Withers is on track to be a ‘liveable’ and well connected community as work to deconcentrate the number of social houses in the suburb is going well, according to the Department of Communities.
Formerly the Housing Authority, the department has relocated 24 of its 25 tenancies from Withers to other areas and has purchased 25 replacement homes in lower public housing areas as part of its deconcentration project.
The project started in July last year and is working alongside an urban renewal program under a Memorandum of Understanding between the department, Bunbury City Council and South West Development Commission.
A liveability survey due to be conducted later this month will be the next step in several years of work and millions of dollars that have been spent in a bid to transform the once-disreputable suburb of Withers.
Department of Communities commercial operations acting general manager Nigel Hindmarsh said the urban renewal program was already benefiting the Withers community and the survey was an opportunity for people to have their say.
“The survey will help us to better understand the residents’ experience and help ensure their needs are met under the urban renewal program,” Mr Hindmarsh said.
He said the deconcentration project was on track and due for completion by June 30, 2019.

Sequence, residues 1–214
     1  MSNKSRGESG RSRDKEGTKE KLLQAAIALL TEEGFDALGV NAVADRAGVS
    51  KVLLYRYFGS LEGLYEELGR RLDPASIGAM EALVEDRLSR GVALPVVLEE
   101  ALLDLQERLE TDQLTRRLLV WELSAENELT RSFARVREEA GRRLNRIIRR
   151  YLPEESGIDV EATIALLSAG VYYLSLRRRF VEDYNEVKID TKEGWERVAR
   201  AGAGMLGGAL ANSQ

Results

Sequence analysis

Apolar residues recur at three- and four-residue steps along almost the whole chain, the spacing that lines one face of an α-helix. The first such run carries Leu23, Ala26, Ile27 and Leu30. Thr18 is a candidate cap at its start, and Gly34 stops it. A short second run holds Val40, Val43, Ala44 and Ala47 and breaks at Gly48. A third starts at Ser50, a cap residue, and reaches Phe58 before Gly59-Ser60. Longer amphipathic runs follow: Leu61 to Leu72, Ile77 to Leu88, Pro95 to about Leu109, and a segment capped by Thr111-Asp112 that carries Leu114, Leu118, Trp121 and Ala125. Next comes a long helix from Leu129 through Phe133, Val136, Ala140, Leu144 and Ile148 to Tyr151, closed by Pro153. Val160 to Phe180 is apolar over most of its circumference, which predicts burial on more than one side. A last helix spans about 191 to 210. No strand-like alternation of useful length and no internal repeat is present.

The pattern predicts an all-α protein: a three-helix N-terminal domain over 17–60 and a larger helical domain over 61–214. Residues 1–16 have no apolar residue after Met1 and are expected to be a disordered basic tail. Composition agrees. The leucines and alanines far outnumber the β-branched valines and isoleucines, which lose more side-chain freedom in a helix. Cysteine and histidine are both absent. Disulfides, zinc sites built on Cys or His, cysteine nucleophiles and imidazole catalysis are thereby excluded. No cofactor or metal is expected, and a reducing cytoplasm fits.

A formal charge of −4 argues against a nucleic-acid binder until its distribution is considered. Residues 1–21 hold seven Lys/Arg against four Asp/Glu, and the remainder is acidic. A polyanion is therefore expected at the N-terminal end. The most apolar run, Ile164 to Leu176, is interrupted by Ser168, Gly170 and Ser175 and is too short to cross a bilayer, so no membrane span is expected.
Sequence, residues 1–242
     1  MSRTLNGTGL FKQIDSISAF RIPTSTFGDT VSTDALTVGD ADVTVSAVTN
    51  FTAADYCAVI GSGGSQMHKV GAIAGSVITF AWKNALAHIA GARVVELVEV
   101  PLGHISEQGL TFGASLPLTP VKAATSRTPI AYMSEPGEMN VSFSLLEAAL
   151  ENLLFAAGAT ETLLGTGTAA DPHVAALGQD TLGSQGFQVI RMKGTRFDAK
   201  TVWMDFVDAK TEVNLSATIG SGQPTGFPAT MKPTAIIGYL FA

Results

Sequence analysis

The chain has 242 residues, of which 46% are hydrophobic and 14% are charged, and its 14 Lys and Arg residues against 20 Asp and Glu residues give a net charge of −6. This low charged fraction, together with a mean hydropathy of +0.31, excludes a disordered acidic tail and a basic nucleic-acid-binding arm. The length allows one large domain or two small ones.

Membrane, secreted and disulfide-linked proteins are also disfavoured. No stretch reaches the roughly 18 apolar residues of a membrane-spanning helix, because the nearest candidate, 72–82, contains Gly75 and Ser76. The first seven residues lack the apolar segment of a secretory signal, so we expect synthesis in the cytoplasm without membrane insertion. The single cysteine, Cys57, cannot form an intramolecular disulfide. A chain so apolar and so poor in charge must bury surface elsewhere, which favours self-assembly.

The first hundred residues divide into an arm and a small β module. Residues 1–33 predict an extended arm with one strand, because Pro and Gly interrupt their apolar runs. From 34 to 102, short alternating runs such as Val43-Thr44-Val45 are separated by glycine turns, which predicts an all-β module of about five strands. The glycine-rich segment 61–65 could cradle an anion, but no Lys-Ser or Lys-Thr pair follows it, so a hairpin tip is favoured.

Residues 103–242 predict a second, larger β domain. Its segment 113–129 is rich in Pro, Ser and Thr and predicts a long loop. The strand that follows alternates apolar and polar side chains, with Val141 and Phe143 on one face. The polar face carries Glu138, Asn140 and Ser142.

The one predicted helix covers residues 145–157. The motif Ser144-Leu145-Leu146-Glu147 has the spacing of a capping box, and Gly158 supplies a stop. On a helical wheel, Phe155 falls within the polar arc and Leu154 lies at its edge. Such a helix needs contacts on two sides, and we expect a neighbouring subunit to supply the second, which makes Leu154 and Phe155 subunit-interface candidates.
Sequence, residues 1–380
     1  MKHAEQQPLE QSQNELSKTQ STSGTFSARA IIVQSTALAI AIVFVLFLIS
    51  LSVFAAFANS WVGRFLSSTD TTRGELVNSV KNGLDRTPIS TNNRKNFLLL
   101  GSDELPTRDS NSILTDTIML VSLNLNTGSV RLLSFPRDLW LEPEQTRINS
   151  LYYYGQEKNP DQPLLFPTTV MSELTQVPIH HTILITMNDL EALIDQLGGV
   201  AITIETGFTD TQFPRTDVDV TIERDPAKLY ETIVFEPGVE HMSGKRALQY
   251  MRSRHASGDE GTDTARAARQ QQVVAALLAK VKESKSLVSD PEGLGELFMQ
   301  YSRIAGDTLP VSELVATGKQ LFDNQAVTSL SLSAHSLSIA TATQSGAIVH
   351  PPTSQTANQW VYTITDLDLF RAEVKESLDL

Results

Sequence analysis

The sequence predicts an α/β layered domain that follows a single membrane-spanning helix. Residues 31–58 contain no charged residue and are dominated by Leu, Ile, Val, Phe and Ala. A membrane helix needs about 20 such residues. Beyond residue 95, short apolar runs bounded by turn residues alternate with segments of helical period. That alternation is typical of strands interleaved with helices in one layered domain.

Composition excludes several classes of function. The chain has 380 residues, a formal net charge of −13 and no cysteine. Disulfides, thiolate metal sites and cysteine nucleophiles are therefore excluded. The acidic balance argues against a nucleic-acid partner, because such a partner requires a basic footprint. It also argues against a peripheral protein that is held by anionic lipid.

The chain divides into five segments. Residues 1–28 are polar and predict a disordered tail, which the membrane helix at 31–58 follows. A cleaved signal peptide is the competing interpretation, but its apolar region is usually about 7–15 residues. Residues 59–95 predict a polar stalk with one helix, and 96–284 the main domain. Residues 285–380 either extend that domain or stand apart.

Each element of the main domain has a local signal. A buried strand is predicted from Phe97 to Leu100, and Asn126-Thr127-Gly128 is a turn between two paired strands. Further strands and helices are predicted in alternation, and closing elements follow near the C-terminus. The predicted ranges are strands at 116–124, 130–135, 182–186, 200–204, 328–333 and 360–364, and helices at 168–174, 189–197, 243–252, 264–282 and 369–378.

“The process to relocate existing tenants, refurbish and prepare homes for sale is progressing well with 24 of 25 tenancies relocated to other areas,” he said.
“Two properties have been sold and three more are under contract.
“The Department of Communities has achieved its social housing construction target, having delivered seven homes in the Bunbury area, one in Australind and three in Busselton by 30 June, 2017.
“It continues to monitor the demand for social housing and delivers additional properties as required.”
As of June 30 there were 1065 public housing properties in the Bunbury area, with 232 in Withers.
It comes as Housing Minister Peter Tinley this week revealed the success of a pilot initiative, which provides eligible social housing applicants and tenants help and discounts on their private property in an effort to provide affordable housing.
More than 200 low income households across the State including Bunbury have moved into private rental homes as a result of the Assisted Rental Pathways Pilot.
Mr Tinley said the initiative was part of the State Government’s partnership with the community and private sectors to offer a range of affordable housing options.
“This initiative addresses people’s needs, capability and aspirations, rather than simply providing social housing for life,” Mr Tinley said.
“Many people do not need or desire this option – they just want a bit of help to get back on their feet.
“Participants are offered tailored support to help their progress to independence in the private rental market.
“This may include connecting with employment and training services, developing financial skills and broadening support networks.
“The program is about helping people so that they can help themselves.
“It is a win-win situation for all involved.”